NAIROBI - War-torn Somalia faces a fresh humanitarian crisis due to conflict, poor rains and a likely late harvest, aid group Save the Children warned Thursday, nearly a year on since famine was declared.
Tens of thousands of people are believed to have died last year after extreme drought and war pushed several areas of southern Somalia into famine last July.
Although the famine was declared over in February, severe emergency conditions remain in many areas.
"A combination of displacement, poor rains and a predicted late harvest threatens to reverse Somalia's fragile recovery from the disaster," said Sonia Zambakides, from Save the Children's Somalia programme.
"The underlying causes such as conflict, low rainfall and a lack of family income are still putting many Somali children at great risk," the aid group added in an appeal for funds to support those affected.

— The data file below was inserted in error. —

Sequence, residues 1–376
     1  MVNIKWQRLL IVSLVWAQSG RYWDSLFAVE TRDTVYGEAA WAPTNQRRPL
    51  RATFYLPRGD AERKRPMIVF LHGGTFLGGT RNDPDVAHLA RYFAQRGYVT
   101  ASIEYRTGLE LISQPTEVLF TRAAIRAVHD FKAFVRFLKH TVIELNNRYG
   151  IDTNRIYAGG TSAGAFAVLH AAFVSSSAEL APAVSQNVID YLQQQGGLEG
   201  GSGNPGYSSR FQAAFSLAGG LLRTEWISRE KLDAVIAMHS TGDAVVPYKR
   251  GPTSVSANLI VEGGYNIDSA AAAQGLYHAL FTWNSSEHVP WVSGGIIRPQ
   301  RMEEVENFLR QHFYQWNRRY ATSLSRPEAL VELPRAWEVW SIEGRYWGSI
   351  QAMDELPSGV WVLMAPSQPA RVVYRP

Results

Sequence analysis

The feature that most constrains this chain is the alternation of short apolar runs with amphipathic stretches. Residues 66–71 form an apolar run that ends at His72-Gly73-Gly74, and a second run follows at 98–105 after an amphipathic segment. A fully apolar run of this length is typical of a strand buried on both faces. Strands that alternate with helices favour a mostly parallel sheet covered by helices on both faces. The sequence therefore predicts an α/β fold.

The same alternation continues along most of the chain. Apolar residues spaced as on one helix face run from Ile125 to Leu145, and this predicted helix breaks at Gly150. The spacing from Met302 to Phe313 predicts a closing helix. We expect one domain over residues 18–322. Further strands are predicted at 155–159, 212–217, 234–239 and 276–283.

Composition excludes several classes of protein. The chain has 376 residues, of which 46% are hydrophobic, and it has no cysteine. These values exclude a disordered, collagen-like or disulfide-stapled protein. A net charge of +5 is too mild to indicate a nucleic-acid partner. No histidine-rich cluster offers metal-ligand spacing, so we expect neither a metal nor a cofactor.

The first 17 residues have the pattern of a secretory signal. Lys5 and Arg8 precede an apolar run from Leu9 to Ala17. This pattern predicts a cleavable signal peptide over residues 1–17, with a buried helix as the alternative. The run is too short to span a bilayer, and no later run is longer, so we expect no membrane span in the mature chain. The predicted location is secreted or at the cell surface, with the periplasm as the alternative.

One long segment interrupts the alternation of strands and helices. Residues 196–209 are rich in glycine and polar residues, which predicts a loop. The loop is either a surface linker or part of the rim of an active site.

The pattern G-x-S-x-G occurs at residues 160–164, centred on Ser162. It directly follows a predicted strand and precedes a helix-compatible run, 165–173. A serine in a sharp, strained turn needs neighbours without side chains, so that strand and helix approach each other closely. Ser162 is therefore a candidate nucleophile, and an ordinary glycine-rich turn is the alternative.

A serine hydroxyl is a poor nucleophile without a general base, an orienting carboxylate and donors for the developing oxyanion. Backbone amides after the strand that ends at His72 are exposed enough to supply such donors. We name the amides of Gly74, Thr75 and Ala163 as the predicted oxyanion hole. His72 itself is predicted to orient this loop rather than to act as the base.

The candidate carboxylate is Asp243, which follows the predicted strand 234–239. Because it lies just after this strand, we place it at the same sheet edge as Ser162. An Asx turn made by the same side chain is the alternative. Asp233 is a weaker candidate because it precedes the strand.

The United Nations has warned that parts of southern Somalia -- the main battleground between African Union troops and Ethiopian forces against Islamist Shebab fighters -- are "likely to deteriorate to emergency levels."
At particular risk are some 1.36 million Somalis already displaced by drought and war.
The US-backed Famine Early Warning Systems Network (FEWS NET) has warned that rains critical to the harvest "started late and were poorly distributed," although a return to famine is "not expected" according to current data.
Its latest report notes that several southern Somali areas face "increasing food deficits" that will "occur in the context of already high levels of acute malnutrition."
The Food Security and Nutrition Analysis Unit (FSNAU) warns that the food situation across Somalia "is likely to remain unchanged since January 2012" -- a period when three areas remained in famine conditions.